Followers of this blog will have an idea about the number of photographs I have taken of the Cambridgeshire Fenlands. Most of the captures included were taken during the Winter of 2020/21 at the height of the COVID-19 pandemic; maybe that is why they are so dark. For me, these are archetypal images of the land I walk across and cycle through every day. It is where I live. Others will see this place very differently but this is a personal interpretation of the landscape, the roads, tracks, rivers, dykes, droves and the wetlands of East Anglia.
The conceptual artist Richard Long would have enjoyed using these industrial machines. On the road leading to the village of Coveney, old irrigation ditches are being refurbished. Giant earth moving equipment cut through the clay subsoil in V cross sections, like a knife through butter. Water immediately flows into the channel mirroring the sky. These large scale sculptural interventions will never find their way to the Tate Modern turbine hall…but they really should.
Just beyond the cycle path that follows the river Great Ouse, a line of trees dominates the flat terrain.
There is something compelling about the roads and rivers of the Cambridgeshire Fenland. In fact, there is something compelling about all roads and rivers wherever they may be. Ever since the invention of the camera, roads have long held a particular fascination for photographers. There are so many associations and connections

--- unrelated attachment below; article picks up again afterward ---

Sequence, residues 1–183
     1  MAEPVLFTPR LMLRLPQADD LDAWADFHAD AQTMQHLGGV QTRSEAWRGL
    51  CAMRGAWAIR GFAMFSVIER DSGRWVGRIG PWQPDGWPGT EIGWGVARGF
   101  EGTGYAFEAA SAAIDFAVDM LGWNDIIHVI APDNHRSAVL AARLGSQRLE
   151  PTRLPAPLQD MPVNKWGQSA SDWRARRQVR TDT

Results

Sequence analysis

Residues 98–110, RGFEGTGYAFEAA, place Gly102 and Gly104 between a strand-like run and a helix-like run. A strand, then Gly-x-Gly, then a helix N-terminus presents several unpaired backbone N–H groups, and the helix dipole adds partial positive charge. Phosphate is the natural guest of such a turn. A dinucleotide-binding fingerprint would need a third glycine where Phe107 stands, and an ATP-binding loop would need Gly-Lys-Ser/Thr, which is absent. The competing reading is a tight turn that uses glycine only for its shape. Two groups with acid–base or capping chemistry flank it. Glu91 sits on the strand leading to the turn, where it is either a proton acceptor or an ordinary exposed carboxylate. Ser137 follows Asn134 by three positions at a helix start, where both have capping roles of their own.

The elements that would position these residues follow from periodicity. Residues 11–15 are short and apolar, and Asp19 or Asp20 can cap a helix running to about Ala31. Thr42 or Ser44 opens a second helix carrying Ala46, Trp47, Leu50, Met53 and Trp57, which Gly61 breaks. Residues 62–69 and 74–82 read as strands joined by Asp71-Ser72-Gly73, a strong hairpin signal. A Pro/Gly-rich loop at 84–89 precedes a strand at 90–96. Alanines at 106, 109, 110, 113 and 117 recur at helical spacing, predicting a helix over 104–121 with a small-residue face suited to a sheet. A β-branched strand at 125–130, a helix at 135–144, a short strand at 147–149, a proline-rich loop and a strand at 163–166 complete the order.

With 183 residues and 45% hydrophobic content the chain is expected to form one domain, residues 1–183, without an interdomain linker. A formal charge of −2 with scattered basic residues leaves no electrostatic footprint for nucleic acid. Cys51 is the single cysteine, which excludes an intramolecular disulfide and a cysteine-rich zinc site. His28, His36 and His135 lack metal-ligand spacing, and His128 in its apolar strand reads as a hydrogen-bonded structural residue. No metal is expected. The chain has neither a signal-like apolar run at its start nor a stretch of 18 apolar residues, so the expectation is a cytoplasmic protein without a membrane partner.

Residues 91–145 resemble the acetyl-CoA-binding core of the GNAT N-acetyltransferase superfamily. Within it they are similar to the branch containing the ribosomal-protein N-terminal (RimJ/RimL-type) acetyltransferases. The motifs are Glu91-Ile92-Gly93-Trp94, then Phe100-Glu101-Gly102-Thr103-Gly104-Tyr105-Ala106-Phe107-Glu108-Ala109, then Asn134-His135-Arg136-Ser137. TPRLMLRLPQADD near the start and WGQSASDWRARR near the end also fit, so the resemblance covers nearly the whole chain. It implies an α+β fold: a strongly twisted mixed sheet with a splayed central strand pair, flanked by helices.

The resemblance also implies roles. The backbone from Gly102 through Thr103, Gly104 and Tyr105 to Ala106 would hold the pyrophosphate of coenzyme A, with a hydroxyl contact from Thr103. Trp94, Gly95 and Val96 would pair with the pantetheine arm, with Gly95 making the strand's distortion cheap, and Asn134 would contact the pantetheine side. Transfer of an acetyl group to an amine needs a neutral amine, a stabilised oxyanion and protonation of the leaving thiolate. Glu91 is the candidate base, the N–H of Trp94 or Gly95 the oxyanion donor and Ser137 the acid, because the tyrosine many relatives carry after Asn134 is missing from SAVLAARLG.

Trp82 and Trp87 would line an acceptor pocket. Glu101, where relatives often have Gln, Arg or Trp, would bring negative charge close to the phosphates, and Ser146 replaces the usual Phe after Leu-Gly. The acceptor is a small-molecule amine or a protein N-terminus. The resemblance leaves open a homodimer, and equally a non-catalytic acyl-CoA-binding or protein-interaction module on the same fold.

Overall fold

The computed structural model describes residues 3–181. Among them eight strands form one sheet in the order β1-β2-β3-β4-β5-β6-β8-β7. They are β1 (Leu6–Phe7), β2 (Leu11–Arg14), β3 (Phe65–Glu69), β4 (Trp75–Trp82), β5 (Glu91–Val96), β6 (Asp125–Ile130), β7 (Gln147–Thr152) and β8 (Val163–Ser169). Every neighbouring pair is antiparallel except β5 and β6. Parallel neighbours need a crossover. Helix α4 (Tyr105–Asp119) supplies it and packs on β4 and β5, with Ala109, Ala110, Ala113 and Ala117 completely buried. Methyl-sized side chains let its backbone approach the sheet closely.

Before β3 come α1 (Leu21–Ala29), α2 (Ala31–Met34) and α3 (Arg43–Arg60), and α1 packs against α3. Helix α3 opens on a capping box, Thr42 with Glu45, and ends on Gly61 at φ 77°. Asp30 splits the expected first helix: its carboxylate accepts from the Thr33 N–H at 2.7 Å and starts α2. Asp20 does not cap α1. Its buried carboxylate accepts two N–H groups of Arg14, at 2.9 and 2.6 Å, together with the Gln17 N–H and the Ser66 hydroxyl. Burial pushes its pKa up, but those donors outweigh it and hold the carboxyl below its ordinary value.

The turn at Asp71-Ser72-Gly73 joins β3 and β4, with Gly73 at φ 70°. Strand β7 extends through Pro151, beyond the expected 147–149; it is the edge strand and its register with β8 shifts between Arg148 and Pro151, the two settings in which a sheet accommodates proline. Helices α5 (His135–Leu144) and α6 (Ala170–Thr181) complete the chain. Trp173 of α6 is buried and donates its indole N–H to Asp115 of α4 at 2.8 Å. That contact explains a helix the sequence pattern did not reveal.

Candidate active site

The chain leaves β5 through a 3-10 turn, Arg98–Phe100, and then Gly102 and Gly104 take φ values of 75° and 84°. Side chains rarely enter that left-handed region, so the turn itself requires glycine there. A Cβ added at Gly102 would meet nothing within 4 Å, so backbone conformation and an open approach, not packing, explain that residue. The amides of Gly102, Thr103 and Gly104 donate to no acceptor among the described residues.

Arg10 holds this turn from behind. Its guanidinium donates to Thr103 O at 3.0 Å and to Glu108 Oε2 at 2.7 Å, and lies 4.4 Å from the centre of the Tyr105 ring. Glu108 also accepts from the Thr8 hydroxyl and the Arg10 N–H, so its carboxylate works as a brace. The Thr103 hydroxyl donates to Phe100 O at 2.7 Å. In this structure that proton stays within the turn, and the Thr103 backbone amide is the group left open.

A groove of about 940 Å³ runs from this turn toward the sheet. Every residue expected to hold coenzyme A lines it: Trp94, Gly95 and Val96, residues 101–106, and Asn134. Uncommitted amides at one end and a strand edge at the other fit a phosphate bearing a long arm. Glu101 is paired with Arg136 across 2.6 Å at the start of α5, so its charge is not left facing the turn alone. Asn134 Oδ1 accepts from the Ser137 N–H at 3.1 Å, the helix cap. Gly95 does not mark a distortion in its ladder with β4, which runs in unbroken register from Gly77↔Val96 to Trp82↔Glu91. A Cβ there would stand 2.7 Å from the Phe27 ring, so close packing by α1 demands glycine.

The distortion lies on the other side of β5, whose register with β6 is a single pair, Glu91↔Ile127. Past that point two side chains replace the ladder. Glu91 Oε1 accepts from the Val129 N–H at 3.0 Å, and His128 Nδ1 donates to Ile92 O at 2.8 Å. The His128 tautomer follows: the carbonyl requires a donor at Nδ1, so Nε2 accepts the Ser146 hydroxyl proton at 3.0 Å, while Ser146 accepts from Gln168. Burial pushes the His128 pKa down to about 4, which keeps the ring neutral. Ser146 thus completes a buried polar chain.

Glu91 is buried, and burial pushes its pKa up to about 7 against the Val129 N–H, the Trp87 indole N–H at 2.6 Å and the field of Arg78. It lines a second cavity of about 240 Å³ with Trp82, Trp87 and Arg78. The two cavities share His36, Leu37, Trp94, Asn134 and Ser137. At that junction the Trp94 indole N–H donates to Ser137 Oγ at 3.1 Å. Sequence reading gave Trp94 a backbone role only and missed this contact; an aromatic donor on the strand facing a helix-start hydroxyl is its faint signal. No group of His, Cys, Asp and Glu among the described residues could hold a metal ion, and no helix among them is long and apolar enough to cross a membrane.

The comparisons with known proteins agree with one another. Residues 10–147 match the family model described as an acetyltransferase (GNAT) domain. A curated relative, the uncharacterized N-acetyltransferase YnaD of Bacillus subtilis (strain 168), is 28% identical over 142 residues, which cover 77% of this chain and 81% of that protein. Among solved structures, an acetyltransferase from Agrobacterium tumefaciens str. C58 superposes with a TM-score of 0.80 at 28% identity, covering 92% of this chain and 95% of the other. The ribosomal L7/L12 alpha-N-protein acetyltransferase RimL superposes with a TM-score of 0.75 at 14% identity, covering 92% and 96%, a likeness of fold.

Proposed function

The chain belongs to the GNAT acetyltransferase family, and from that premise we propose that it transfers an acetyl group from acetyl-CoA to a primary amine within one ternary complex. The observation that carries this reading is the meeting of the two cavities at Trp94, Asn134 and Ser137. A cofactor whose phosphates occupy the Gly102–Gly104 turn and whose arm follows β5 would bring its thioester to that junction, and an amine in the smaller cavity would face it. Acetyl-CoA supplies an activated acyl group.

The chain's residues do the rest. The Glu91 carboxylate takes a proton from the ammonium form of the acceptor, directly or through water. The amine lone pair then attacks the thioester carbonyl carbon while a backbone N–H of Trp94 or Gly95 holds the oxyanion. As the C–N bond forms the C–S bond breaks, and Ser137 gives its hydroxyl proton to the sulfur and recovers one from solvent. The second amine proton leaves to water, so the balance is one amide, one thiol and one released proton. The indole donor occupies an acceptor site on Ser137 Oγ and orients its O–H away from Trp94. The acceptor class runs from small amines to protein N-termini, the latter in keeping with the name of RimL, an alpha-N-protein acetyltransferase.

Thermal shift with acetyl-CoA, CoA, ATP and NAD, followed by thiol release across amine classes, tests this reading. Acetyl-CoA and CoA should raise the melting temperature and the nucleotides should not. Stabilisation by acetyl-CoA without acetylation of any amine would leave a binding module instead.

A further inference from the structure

; they are often used as symbols to reflect upon significant moments in our lives. If you do a little research, you will find that roads feature in a wide range of poetry and songs. Below is a well known poem by Robert Frost about making those critical choices.
The Road Not Taken
Two roads diverged in a yellow wood, And sorry I could not travel both And be one traveller, long I stood And looked down one as far as I could To where it bent in the undergrowth;
Then took the other, as just as fair, And having perhaps the better claim, Because it was grassy and wanted wear; Though as for that the passing there Had worn them really about the same,
And both that morning equally lay In leaves no step had trodden black. Oh, I kept the first for another day! Yet knowing how way leads on to way, I doubted if I should ever come back.
I shall be telling this with a sigh Somewhere ages and ages hence: Two roads diverged in a wood, and I— I took the one less travelled by, And that has made all the difference.
White House Road
I think late Autumn and Winter are probably the best seasons for landscape photographers living in the Fenlands. I know that Cambridgeshire doesn’t have the dramatic landscapes of the Lake District, the Yorkshire Dales or even the Trough of Bowland, but it does have something special.
At this time of year the landscape maintains a gritty and determined resolve. There is a complete absence of pretension and prettiness. The uneven roads and tilted telegraph poles, the isolated columns of tall trees, vast skies with fields stretching to the distant horizon make me feel as if I have been cast adrift on an open sea.
John Clare: The Fens